Tyler Holmquist started skiing down hills when he was 2. Later on, he learned the Nordic techniques of skating and kick-and-glide well enough to become, by high school, a skimeister.

As a sophomore and junior at Gray-New Gloucester High School, Holmquist placed fifth in Class A in the skimeister competition, which includes the four distinct disciplines of slalom and giant slalom in Alpine racing and freestyle and classical in cross-country skiing.

For his senior year, Holmquist is aiming for a top-three finish. Of course, just reaching the top of the race course will be an achievement.

Nine months ago, it appeared that Gray-NG’s Alpine team would be a victim of budget cuts.

“I was really bummed out that we might not have a team my senior year,” said Holmquist, who lives in Gray. “The whole (aspect) of being a skimeister would be taken away if I couldn’t do the Alpine part of it.”

Alpine skiing and golf were on the chopping block because low levels of participation intersected with reduced overall funding. Instead of spreading the hurt throughout all athletic programs, G-NG’s former athletic director recommended lopping those two programs.

When the athletes to be affected got wind of it, they banded together and showed up at a school board budget workshop to plead their case.

Holmquist spoke. So did classmate Robby Sutherland and his sister, Karen, now a sophomore. Ditto for half a dozen others.

They spoke passionately about their love of a lifelong sport, of the experience of being part of a team, of the school’s history with skiing, which includes overall state championships in 1973, 1976 and 1981.

“I guess it turned the tide of people’s opinions,” said Robby Sutherland, whose father, David, is a member of the school board.

The board cut a deal with the team members and their parents. Skiers would have to pay a $150 activity fee — same as hockey and football players — and have at least five boys and five girls signed up and paid in full by Oct. 15.

After a successful recruiting drive, both golf and Alpine skiing were saved. The golf team had 16 members, the ski team initially drew 20, but the current roster includes nine boys and seven girls.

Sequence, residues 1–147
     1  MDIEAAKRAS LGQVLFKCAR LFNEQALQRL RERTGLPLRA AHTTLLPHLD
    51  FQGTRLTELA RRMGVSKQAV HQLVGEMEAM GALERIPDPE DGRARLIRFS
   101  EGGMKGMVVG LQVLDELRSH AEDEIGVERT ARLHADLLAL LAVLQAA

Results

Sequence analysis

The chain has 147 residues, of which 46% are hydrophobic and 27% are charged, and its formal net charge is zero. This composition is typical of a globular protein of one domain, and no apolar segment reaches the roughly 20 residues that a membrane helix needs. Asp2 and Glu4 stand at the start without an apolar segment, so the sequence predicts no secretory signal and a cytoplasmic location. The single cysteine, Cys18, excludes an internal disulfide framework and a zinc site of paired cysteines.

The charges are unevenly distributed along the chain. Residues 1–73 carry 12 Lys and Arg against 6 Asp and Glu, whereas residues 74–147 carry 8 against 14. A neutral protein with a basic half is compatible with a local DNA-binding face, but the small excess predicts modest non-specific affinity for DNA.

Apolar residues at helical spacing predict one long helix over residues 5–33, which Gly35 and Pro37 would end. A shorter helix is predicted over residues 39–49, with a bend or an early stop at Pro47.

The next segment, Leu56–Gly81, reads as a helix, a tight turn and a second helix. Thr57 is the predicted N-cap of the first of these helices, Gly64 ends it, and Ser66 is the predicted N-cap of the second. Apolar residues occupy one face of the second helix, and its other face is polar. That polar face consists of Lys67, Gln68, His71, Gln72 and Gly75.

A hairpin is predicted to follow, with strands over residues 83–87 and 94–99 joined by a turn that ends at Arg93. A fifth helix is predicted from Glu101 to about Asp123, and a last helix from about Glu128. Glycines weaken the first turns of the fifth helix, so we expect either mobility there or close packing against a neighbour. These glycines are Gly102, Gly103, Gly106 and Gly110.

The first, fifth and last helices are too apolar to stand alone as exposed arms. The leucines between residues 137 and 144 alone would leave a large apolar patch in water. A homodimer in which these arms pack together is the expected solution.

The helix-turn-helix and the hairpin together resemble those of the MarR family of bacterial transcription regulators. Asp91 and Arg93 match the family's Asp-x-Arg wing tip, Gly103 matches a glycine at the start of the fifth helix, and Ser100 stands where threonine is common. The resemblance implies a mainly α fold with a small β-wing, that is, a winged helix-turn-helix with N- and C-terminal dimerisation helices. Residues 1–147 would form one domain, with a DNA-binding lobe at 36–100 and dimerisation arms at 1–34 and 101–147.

“We’ve got three boys and two girls who are brand new to ski racing and one athlete who is very new to the sport of skiing,” said second-year Coach Will McMellon, who made a point of staying out of the budget situation because he didn’t want to appear as if he were fighting to save his job. “But what’s really nice with skiing is that, this is something these kids can do for the rest of their lives. As we know, winter lasts a long time around here.”

McMellon is a ski instructor at Sunday River who works with special needs students at Greely High. He says that, without a middle school ski program, Gray-NG isn’t able to compete on a level with Western Maine Conference rivals Greely, Falmouth and Yarmouth.

“We’re not going to win anything (at the state level),” he said. “But with the numbers we have, we’re going to be OK.”

The Nordic ski team, which boasts more than 30 members, was never in jeopardy.

McMellon and his assistant, Chris Carpentier, still haven’t seen many of his skiers run any gates yet, because December’s pre-Christmas conditions offered little snow. The first meet is scheduled for Monday at Shawnee Peak.

What the coaches have noticed, however, is a different attitude toward the normally mundane dryland training.

“They know they’re fighting to keep the program going,” McMellon said. “The kids are working harder and I think the parents have instilled that in them.”

Robby Sutherland said, “With more kids on the team, there’s more of a sense of community.”

The parents formed a booster club for the first time since the late ’70s, as far as club president Carl Wilcox can tell. He was a Nordic skier on that ’81 state title team — as was Tyler’s dad, Carl Holmquist, who skied Alpine — and remembers the club raising money to build a ski jump that was completed his freshman year.

Within two years, the Maine Principals’ Association joined a national trend and banned ski jumping because of safety and liability concerns, first for smaller schools and then for everyone.

The largely wooden structure built on the edge of a gravel pit eventually rotted. Its remains lay beneath the Route 26 bypass.

Wilcox, whose eighth-grade son races Alpine and won a middle school skimeister title last winter, said most of the credit for saving the program should go to the students who stood up at the budget workshop.

“I think it got the attention of the school board,” he said, “more than if just some parents showed up.”

Regardless of how the Patriots fare on the slopes this winter, they’ve already achieved learned a valuable lesson that has nothing to do with edges, lines or carving.

“They learned about the political process, and that speaking up for something you believe in actually works,” said Beth Sutherland, mother to Robby and Karen. “It might not work all the time, but it can. I think that was a really important lesson rather than to just sit back and complain. Get involved. Lo and behold, you’ve got your ski team back.”

 

Staff Writer Glenn Jordan can be contacted at 791-6425 or at: [email protected]